Scotland, speaking as a person who has travelled widely most of my life, is probably one of the most beautiful places in the world: the light, the landscapes, the lochs. However, avoid the Highlands in June, July and August. One breaths in the midges. By the coast, where there is a breeze, the problem isn’t as bad.

Wales doesn’t seem to have the same insect issues. Not as majestic as the Scottish Highlands but there are still extensive expanses of uplands, moors, mountains that one can ride all day and see only birds and sheep before dropping down into villages and an inn or farm for the night. Free Rein is one firm that does trail rides www.free-rein.co.uk They have been in business for more than thirty years and have much repeat business. They even offer self-guided rides, once they know you. The horses are mainly hairy cobs who are unflappable but willing Then there is www.transwales.com who use home-bred Section D and have a substantial clientele of European riders who return year after year. Last time I rode with them it was a bit chaotic due to missed communication. These are generally quite fast rides. Wales, of course, is the home of very fine ponies. I went into a pub for lunch, once, and all the people around the bar were discussing pony bloodlines!

Another upland area is Dartmoor in the south west of England. There is www.adventureclydesdale.com who use, as their name suggests, Clydesdales for their rides. I haven’t been on this: my sister wants to go. There is also www.dartmoorridingholidays.co.uk who offer western tack on their longer rides. Dartmoor is a fascinating upland, extremely remote in the centre but surrounded by dense green farmland so as one drops off the moors the landscape changes and softens to pasture and woodlands, which makes for interesting rides. Herds of feral Dartmoor ponies help maintain the landscape.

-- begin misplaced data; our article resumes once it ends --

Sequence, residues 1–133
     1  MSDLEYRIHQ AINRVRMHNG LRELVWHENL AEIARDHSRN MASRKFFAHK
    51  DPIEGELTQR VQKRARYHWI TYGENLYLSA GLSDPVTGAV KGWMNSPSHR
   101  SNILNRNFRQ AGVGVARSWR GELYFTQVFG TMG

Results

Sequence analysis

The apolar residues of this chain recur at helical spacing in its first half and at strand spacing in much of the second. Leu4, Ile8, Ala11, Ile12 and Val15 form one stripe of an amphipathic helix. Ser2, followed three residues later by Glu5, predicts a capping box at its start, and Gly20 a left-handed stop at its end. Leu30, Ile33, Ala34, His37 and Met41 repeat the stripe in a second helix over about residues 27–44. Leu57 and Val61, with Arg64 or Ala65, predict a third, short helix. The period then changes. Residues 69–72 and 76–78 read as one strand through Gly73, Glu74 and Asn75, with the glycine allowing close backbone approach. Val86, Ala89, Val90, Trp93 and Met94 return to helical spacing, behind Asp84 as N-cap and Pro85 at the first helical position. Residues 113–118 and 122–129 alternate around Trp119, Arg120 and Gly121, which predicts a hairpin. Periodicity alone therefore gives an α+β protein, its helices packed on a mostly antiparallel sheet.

Both Wales and Dartmoor are possibly easier to access as an American because London airports, Birmingham and Bristol all have flights direct to the USA. The journey times in Scotland are longer.

You could, of course, just book shorter rides and travel between locations for a well rounded view.


@Caol_Ila thanks for the laugh! And I thought the black flies were awful in New England…but your description takes the cake hahaha.
Scotland has been on my radar for years. Some day, some time (and thanks to you, NOT in Summer! Haha!).

Rode in Bundoran and pretty certain the guy who took my friend and I through the dales was mentally insane.

I think the place we went riding with does camping trips or longer tours. The location was gorgeous!

I admire your dedication to protecting your horse. Unfortunately in my experience those things can bite through anything. I once came back from a hack with three of the biggest bites imaginable, straight through my breeches at the top of my thigh :flushed:

The PPE isn’t useless. It changed my horse from something that could give a rodeo bronc a run for its money to something you could ride and have a nice time with.

She was a massive wimp with regards to the Scottish bugs. The midges around Glasgow are a far more benign species than the Highland ones; they buzz around but usually don’t bite (only three or four out of many species of midge bite, apparently). Still, when they were out, she would cower in the back of her stable unless wearing a fly mask 24/7. The local horses don’t seem to notice the Glasgow midges. If she had ever met a Highland midge, she would have bought a plane ticket back to CO immediately.